Our second day of climbing we traveled to Bellavista. This area is (mas o menos) more or less directly East of Sardernes. It has the same back roads feel as heading to Sardernes, with a little more of a rural appeal to it. A short moderate to steep hike up to the wall ledge is filled with trail traverses, trees that hug the path, a small amount of easy boulder clambering, and ends with offering a spectacular view (hence bella vista or beautiful view). The wall feels a little more exposed, as you are perched up on a cliff band with a reasonably wide foot path. Mostly you can be lowered down to the ledge, but some awesomely overhung areas lower you into the bushes just below.
The Bellavista crag and it’s walls. Bellavista wall in top center.
Emerging from the trees on the hike to the wall.
The Bellavista wall rising before us.
I started this day off with a bang too. I roped up right away, lead the first climb, and placed all the draws. I tend to let my husband lead first, but it is good practice to place your own gear. I sent Blues is Here, 7a first go. It was a fantastic climb. The lower section is a tough boulder problem. The fun starts with your feet comfortable on a ledge and your hands on a round bulb at the lip of the overhanging bulge. Moving up there is a right hand side pull, tiny feet tucked up high, and a mono pocket for your left hand. Luckily, I was able to get two fingers into the pocket, which made the long move right to a large crimp and then moderate jug a bit easier. After this section you really put your feet to work. A short nervous left traverse is complicated by slippery feet glazed by water dripping from above. But without the water there would be no glorious tufas ahead to climb. The middle section of the route follows the back stepping, feet stemming, pumpy line of tufas that carry you near exhaustion. If you can keep your cool the top eases up a bit, with larger but sharper holds, some with prickly spines. A complete package on one route.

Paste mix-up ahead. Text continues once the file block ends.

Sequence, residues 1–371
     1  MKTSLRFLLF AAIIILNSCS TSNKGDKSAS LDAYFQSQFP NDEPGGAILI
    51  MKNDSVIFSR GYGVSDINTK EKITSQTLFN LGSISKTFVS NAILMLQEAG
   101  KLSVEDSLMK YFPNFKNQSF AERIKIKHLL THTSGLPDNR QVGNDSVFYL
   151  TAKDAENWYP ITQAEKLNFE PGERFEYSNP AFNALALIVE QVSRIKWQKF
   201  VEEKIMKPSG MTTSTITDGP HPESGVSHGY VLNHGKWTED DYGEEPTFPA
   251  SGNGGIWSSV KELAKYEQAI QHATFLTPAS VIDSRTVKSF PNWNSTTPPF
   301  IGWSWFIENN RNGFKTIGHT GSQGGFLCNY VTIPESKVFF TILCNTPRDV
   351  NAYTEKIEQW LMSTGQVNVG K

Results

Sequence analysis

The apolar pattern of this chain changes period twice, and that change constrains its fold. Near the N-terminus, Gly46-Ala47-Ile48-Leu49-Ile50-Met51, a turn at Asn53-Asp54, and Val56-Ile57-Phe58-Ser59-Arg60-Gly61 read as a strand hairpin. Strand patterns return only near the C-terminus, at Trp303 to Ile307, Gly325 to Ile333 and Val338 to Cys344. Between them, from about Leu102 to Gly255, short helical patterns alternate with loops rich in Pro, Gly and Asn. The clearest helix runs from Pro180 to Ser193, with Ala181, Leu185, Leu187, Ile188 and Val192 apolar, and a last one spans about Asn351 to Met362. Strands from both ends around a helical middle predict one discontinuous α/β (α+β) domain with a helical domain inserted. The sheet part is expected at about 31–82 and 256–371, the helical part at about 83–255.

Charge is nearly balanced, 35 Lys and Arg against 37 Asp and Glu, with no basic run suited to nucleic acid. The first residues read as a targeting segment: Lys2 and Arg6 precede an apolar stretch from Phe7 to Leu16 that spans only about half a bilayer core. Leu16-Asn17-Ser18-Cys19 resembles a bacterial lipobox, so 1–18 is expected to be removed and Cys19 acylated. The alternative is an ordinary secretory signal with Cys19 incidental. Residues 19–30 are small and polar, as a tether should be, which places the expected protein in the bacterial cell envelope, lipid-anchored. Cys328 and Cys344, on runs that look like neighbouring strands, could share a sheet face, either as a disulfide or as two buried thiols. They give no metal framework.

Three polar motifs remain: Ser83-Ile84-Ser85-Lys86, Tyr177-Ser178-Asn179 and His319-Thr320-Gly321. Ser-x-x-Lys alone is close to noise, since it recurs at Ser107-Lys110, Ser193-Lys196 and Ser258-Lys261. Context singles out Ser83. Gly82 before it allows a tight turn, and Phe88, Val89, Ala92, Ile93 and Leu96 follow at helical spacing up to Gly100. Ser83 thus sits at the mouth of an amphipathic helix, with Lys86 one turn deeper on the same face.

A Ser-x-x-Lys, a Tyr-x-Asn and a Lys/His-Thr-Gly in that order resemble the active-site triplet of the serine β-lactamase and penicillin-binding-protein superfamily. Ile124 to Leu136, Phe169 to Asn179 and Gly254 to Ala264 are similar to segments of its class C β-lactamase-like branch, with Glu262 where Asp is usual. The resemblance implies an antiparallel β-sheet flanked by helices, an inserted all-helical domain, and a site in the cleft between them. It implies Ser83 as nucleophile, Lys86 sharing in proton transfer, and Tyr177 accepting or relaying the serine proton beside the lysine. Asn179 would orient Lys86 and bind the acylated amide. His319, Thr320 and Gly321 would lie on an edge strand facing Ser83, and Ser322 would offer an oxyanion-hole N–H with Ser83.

The view from the wall, and what a beautiful view it is!
The lower section of Blues is Here, 7a.
I wish I had more brilliant sends to report on this day, but alas, mother nature and my “lady time” got the best of me. I wouldn’t even mention it, but I know a few strong gals out there reading this, and all I can say is I sympathize with the agony and exhaustion that is brought on. A serious buzz kill!
Mid section of Blues is Here.
Just before moving into the tufa section on Blues is Here
Bruce and Louie worked the line Bellavista 7c with gusto. A bit steeper and more aggressive, this is a powerful line I could definitely come back for.
Bellavista, 7c

A much needed day of rest followed the first two of climbing. I didn’t realize how much it was needed until our second leg of the trip when the wear and tear really set it from a two week long climbing trip. Giving your body time to recover is vastly important. Bruce and Louie traveled to France on an errand, and I slept in. It was a good day to sort through the GoPro footage. There was a short trip to the Mediterranean beach on a hazy day.

Stonewear Sprinter Capri and Dryflex Double Cross Top.
 The Mediterranean Sea.
Took the dogs for a beach romp.
Feeling restored we all returned to Sadernes the next day. We climbed at Cova Del Bisbe, which is the right wall and opposite the one we climbed the first day. The drive and approach on the main road was exactly the same, except we had to cross the river to reach the wall. The slippery rocks in the river were a fun challenge. There’s not much of a base to speak of, as the trees crop the wall closely and the base drops sharply away into the bushes. You kinda make camp where the flattest area is, and rope up on the sloped rock base. It’s a long wall actually, and walking up and down it through the winding tree filled path takes some time. Higher up on the left side of the wall is a few moderate slabby climbs to warm up on. After those we all aimed high and sent harder. I climbed Lliure 7a+ and Louie sent the same right after me.